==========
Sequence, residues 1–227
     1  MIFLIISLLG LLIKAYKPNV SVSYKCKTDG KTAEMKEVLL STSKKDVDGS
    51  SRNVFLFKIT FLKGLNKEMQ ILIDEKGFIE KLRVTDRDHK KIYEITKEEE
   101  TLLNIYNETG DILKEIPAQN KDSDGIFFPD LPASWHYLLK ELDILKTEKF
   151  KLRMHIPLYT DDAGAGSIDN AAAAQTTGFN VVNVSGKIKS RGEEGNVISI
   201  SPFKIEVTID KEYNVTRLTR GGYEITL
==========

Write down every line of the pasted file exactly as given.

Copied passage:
Sequence, residues 1–227
     1  MIFLIISLLG LLIKAYKPNV SVSYKCKTDG KTAEMKEVLL STSKKDVDGS
    51  SRNVFLFKIT FLKGLNKEMQ ILIDEKGFIE KLRVTDRDHK KIYEITKEEE
   101  TLLNIYNETG DILKEIPAQN KDSDGIFFPD LPASWHYLLK ELDILKTEKF
   151  KLRMHIPLYT DDAGAGSIDN AAAAQTTGFN VVNVSGKIKS RGEEGNVISI
   201  SPFKIEVTID KEYNVTRLTR GGYEITL